Why Providing Support Is Important

Father walking with teenage daughter and son

The Power of Support

Everyday support in the family—We all need support to learn, grow, and reach goals. Research shows that support from parents plays a big role in how well children do, including:

  • Higher GPA and better adjustment in school;
  • Higher self-esteem and lower depression;
  • Lower rates of substance abuse; and
  • Less stress or emotional problems.1

Support for parenting adults—Parents do better when they have support at home and from extended family and friends. For example:

  • Work -family conflicts are less stressful when they have a lot of support at home, including from their partner.2
  • When parents have more support from others, they are more likely to use positive parenting practices.3
  • Parents who have strong support (especially in violent neighborhoods) are less likely to mistreat their children.4

Support in the face of challenges—Some situations call for extra support. These situations include school struggles, medical issues, and big life transitions. Here are some examples:

  • Teenagers who face bullying in schools are more likely to do well in school if they have a lot of support from their families and peers.5
  • The stress of living in a dangerous neighborhood is reduced when young people have a lot of support from parents.6
  • Children who use special education services depend on their parents to speak up for their needs and strengths.7
  • High levels of parental (and other) support is associated with lower levels of depression and a higher quality of life among lesbian, gay, bisexual, and transgender youth. 8,9

Too much support? As important as support is, you can also overdo it. If parents do things for their kids that take away their growth, autonomy, and learning (or don’t do enough to challenge growth), it hurts kids’ development.10

Next Steps

  • Take the quiz to explore the ways you provide support in your family.
  • Learn about how families in the United States provide support.

Research Sources

1. Rueger, S. Y., Malecki, C. K., & Demaray, M. K. (2010). Relationship between multiple sources of perceived social support and psychological and academic adjustment in early adolescence: Comparisons across gender. Journal of Youth and Adolescence, 39(1), 47–61. doi:10.1007/s10964-008-9368-6

2. Van Daalen, G., Willemsen, T. M., & Sanders, K. (2006). Reducing work-family conflict through different sources of social support. Journal of Vocational Behavior, 69, 462–476. doi:10.1016/j.jvb.2006.07.005

3. Lee, C.-Y. S., Anderson, J. R., Horowitz, J. L., & August, G. J. (2009). Family Income and Parenting: The Role of Parental Depression and Social Support. Family Relations, 58, 417–430. doi:10.2307/40405700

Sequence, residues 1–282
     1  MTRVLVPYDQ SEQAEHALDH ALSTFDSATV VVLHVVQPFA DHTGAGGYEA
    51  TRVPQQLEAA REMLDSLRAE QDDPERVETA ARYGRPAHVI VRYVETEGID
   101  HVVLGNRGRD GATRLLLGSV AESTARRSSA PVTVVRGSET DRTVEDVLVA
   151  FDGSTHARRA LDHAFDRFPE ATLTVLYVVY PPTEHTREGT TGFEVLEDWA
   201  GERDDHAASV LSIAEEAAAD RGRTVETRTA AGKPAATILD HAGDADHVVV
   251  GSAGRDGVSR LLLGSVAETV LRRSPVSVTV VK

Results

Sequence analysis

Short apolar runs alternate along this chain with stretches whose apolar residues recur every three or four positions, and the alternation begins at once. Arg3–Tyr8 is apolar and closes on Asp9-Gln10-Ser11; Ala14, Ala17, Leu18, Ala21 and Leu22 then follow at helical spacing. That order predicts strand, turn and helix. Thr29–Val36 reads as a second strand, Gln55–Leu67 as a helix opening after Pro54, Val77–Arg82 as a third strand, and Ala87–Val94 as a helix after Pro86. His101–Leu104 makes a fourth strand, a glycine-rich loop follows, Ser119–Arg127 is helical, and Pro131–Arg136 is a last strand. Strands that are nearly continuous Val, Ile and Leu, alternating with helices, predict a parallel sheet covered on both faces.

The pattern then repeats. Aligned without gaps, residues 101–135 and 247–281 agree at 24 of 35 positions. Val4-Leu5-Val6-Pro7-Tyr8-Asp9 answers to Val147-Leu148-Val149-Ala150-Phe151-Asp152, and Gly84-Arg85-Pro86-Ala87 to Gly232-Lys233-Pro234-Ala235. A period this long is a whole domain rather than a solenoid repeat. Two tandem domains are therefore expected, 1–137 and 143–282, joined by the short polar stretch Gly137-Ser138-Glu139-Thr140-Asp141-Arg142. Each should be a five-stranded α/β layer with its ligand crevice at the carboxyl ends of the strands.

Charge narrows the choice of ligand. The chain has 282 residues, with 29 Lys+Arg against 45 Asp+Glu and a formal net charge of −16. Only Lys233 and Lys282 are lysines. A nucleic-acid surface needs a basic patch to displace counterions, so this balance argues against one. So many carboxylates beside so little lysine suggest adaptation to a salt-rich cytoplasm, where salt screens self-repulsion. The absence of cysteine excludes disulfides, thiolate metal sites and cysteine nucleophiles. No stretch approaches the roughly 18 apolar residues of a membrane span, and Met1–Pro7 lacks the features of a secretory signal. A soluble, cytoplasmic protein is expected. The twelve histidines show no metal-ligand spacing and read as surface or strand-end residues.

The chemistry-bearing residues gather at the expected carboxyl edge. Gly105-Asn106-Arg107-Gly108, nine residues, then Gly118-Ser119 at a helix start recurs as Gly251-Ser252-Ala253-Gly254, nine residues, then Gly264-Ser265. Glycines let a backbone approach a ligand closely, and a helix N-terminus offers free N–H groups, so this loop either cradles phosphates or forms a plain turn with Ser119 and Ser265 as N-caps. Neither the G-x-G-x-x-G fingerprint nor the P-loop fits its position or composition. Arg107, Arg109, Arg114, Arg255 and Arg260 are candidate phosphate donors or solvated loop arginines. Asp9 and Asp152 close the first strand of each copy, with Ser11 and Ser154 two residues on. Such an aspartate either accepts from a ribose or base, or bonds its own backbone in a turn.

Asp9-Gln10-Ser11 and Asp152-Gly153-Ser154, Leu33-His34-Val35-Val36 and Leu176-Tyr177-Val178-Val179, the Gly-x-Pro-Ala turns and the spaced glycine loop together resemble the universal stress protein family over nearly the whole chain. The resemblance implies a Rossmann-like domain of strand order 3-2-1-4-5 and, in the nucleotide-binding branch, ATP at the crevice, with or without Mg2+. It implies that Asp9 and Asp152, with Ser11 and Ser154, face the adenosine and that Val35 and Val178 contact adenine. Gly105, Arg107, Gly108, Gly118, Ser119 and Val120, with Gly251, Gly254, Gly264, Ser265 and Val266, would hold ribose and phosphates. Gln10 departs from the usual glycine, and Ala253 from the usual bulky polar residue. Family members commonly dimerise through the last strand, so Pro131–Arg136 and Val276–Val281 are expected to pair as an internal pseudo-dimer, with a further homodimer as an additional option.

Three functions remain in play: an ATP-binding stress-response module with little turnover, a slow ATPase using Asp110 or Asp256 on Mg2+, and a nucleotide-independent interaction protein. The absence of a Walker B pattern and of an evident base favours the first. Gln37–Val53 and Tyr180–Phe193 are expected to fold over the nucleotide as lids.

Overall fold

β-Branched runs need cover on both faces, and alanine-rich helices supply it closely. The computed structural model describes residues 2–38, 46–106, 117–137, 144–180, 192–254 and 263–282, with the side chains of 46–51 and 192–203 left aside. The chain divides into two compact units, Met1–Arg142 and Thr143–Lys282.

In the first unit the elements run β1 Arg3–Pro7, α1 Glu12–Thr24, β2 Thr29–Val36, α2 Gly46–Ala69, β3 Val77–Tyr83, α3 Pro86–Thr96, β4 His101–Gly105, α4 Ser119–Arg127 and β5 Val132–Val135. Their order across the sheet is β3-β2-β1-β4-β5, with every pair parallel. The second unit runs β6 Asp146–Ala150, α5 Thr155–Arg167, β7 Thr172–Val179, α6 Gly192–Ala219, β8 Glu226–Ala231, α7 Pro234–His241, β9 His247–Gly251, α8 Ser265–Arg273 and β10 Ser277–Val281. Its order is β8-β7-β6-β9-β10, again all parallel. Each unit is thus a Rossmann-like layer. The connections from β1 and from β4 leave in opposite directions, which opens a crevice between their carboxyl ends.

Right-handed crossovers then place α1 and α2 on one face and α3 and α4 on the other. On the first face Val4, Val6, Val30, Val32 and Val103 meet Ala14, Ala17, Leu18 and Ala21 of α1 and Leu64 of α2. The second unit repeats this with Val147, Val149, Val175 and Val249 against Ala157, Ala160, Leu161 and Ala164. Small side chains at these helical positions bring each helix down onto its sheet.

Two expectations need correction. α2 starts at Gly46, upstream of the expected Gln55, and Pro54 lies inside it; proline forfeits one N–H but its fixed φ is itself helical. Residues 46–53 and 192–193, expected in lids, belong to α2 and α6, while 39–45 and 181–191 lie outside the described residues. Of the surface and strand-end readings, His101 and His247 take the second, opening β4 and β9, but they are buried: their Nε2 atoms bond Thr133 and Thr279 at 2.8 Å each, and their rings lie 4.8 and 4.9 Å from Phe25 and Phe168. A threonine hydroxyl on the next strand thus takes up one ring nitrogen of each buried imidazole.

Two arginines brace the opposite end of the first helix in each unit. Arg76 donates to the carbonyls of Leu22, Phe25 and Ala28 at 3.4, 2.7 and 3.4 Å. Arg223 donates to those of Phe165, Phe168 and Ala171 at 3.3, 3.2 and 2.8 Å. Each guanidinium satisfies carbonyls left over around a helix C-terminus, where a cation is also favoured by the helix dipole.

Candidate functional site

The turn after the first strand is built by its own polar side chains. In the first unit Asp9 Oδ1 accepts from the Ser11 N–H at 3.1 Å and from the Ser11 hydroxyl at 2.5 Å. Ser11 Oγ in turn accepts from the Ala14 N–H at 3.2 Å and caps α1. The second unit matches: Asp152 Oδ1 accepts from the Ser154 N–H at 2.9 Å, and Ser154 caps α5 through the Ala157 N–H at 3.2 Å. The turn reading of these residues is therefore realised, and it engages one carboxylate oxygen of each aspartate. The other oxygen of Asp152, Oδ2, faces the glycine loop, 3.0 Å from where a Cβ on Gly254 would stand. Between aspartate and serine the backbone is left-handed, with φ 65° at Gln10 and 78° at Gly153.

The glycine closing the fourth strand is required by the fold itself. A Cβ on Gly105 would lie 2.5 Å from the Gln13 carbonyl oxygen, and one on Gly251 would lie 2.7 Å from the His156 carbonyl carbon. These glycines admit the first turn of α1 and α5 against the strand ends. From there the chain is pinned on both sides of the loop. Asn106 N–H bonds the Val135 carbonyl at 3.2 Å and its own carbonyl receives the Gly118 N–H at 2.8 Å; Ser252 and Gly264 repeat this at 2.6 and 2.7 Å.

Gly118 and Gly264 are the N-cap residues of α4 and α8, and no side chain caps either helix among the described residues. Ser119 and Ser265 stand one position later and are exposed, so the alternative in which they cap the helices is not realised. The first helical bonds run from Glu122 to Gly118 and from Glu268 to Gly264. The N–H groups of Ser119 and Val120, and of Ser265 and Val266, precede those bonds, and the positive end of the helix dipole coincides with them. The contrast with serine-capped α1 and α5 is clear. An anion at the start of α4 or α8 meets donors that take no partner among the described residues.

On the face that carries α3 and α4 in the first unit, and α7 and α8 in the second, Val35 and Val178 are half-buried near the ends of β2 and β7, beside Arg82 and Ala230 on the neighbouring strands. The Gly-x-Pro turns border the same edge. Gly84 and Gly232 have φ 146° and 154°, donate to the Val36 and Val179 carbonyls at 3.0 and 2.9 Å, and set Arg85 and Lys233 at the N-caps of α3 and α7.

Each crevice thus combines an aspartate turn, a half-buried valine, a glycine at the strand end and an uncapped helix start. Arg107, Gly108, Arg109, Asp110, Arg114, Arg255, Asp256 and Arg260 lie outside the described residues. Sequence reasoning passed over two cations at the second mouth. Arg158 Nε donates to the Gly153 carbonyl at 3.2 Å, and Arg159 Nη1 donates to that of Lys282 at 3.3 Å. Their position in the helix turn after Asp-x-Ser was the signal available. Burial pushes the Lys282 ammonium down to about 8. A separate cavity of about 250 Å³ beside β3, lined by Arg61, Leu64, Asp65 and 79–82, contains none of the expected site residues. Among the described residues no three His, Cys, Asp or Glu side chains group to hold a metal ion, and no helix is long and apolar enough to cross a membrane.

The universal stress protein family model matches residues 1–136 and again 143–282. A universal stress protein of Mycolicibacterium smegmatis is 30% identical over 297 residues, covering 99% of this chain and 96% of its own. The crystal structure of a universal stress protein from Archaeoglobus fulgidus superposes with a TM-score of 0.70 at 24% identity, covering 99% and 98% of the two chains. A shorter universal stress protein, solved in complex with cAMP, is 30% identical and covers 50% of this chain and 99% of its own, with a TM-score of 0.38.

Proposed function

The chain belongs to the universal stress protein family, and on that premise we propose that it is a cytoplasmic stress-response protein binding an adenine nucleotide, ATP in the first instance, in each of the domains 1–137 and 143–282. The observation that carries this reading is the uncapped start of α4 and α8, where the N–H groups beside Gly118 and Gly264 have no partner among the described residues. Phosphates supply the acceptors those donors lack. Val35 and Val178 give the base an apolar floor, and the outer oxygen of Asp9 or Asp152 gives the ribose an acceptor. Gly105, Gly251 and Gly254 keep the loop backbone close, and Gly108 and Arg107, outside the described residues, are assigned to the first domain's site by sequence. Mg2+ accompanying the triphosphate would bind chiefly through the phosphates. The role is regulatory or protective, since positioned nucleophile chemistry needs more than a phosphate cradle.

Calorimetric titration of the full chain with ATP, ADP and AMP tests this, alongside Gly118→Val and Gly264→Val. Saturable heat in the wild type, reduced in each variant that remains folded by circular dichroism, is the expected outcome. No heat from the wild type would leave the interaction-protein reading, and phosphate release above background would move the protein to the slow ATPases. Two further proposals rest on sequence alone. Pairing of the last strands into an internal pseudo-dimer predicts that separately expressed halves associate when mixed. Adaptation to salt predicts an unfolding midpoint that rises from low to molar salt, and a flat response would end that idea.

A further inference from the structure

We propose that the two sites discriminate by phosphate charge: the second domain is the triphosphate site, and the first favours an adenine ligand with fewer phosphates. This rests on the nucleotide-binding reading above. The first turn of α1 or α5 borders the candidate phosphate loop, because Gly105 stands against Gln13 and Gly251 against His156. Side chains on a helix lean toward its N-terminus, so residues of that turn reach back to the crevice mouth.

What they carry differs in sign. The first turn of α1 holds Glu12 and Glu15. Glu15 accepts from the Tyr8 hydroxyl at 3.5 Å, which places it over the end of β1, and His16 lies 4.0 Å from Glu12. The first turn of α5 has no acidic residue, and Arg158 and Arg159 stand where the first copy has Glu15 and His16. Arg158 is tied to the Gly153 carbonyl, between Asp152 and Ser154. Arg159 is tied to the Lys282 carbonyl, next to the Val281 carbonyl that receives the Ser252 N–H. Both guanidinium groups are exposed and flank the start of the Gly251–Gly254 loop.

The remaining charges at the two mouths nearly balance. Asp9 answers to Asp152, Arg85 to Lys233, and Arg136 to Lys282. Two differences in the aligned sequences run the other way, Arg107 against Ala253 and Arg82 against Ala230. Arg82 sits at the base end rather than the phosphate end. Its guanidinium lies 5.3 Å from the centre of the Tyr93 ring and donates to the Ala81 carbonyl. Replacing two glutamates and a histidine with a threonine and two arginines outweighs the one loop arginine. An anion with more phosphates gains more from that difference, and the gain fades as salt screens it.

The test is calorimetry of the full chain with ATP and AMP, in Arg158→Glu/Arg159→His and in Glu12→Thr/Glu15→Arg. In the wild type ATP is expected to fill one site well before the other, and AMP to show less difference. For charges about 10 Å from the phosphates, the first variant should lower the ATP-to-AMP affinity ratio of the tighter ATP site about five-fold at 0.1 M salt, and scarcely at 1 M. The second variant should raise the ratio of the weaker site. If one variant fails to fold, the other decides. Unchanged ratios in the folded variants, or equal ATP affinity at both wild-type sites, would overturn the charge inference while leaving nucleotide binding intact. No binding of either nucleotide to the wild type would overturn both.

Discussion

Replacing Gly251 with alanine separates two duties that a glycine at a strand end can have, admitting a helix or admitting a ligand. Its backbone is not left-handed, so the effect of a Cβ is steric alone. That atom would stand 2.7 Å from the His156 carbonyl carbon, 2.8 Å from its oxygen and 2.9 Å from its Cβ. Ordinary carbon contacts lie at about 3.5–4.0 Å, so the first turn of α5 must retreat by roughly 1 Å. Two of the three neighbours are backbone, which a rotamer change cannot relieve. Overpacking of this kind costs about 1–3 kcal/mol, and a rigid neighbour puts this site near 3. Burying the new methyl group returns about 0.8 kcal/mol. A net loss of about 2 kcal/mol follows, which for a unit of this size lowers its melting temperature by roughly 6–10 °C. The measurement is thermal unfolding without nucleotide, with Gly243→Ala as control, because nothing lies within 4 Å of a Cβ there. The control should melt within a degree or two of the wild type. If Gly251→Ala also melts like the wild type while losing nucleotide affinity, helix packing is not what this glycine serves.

4. Martin, A., Gardner, M., & Brooks-Gunn, J. (2012). The mediated and moderated effects of family support on child maltreatment. Journal of Family Issues, 33(7), 920–941. doi:10.1177/0192513X11431683

5. Rothon, C., Head, J., Klineberg, E., & Stansfeld, S. (2011). Can social support protect bullied adolescents from adverse outcomes? A prospective study on the effects of bullying on the educational achievement and mental health of adolescents at secondary schools in East London. Journal of Adolescence,34(3), 579–588. doi:10.1016/j.adolescence.2010.02.007

6. Bowen, G. L., & Chapman, M. V. (1996). Poverty, neighborhood danger, social support, and the individual adaptation among at-risk youth in urban areas. Journal of Family Issues. doi:10.1177/019251396017005004

7. Trainor, A. A. (2010). Diverse approaches to parent advocacy during special education home--school interactions. Remedial and Special Education, 31(1), 34-47. doi:http://dx.doi.org/10.1177/0741932508324401

8. Simons, L., Schrager, S. M., Clark, L. F., Belzer, M. Olson, J., (2013). Parental support and mental health among transgender adolescents, Journal of Adolescent Health, 53(6), 791-793, ISSN 1054-139X, http://dx.doi.org/10.1016/j.jadohealth.2013.07.019.

9. Mustanski, B., & Liu, R. T. (2013). A longitudinal study of predictors of suicide attempts among lesbian, gay, bisexual, and transgender youth, Archives of Sexual Behavior 42(3), 437-448. http://dx.doi.org/10.1007/s10508-012-0013-9

10. Schiffrin, H. H., Liss, M., Miles-McLean, H., Geary, K. A., Erchull, M. J., & Tashner, T. (2013). Helping or hovering? The effects of helicopter parenting on college students’ well-being. Journal of Child and Family Studies, 23(3), 548–557. doi:10.1007/s10826-013-9716-3